viewtopic.php?f=9&t=10277&p=50571#p50571 (EDIT: Oh, I see you just posted on that. Ooops)

    Please post some more links if that's OK. What sort of floor do you plan to use? If misprinted bags aren't available, how much do they cost? And your county surveyors do inspections by air??? BTW, please tone down the language if you don't mind. :wink:
     
  6. Curtis

    Curtis Junior Member

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    Re: From Nevada, hello.

    Hi newcroft,
    Thanks for the welcome, seems to be a nice community here.

    My own earthbag project is still being planned, i'm thinking of creating a banana garden with earthbag planters and retaining walls with built in benches and what not. I will have sketchup renderings within the week, hopefully.

    Links? I have plenty:

    https://www.earthbagbuilding.com/
    https://www.greenhomebuilding.com/earthbag.htm
    https://www.okokok.org/
    https://earthbagbuilding.wordpress.com/

    You should find what you need with those, but there are many more sites if you can't find what you're looking for.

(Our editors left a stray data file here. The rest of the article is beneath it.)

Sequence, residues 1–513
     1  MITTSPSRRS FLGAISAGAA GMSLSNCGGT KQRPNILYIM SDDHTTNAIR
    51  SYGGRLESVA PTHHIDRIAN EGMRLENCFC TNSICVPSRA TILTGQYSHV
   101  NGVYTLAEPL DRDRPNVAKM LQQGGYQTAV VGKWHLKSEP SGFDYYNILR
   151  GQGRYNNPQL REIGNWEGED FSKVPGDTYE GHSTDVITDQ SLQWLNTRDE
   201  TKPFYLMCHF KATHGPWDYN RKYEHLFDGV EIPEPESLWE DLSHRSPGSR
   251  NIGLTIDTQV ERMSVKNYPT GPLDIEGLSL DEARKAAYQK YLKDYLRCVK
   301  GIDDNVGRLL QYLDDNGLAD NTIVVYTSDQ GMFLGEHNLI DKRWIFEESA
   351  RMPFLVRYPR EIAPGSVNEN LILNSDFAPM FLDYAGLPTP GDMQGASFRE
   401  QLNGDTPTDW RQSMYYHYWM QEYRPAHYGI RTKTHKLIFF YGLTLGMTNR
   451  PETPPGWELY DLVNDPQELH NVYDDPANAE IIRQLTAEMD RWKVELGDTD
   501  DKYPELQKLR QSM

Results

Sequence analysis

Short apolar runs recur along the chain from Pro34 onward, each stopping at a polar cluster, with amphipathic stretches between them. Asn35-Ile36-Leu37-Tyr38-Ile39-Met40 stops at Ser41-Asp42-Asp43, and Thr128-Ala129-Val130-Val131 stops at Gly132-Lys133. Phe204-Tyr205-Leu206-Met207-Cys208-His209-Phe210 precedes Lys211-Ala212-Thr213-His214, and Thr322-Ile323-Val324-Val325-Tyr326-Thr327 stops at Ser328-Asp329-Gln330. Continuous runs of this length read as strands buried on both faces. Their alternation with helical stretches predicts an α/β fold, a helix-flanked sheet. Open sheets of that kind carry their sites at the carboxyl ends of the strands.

Well, i'm trying to contact bag distributors and manufacturers to purchase 1000 bags to start something here. I haven't even been looking for misprints, just brand new plain bags. I've been quoted as high as 37cents a bag, to as low as about 20cents a bag. Still trying to find exactly what i'm looking for, but they're pretty cheap. Would need around 1,350+/- for a 900 sq/ft home. Much cheaper than conventional construction methods ;)

    Other than the bags, your wall building material would consist of 4 point barbed wire. It is applied twice between every row of bags for added tensile strength and to help to prevent the bags from shifting when the wall gets higher, the earth which is dirt cheap (no pun attended) or can be dug on site, and a small amount of wood for the forms for the doors, and windows.

    There are many roofing options, so I will not discuss in detail. My own project, when it comes time for it, will include a living green roof to further insulate the house, but it will be ontop of a load bearing roof probably constructed out of logs and timber.

    My floor will be all earthern. Its applied in layers.

    The first layer will be a gravel capillary break, applied a few inches thick. Then, straw rich adobe layer ontop of that, a thin layer of semi smooth adobe, then a fine colored coat of adobe ontop of that.

    You can also mortar in flagstone and what not, for a unique look.

    Will keep the language clean ;)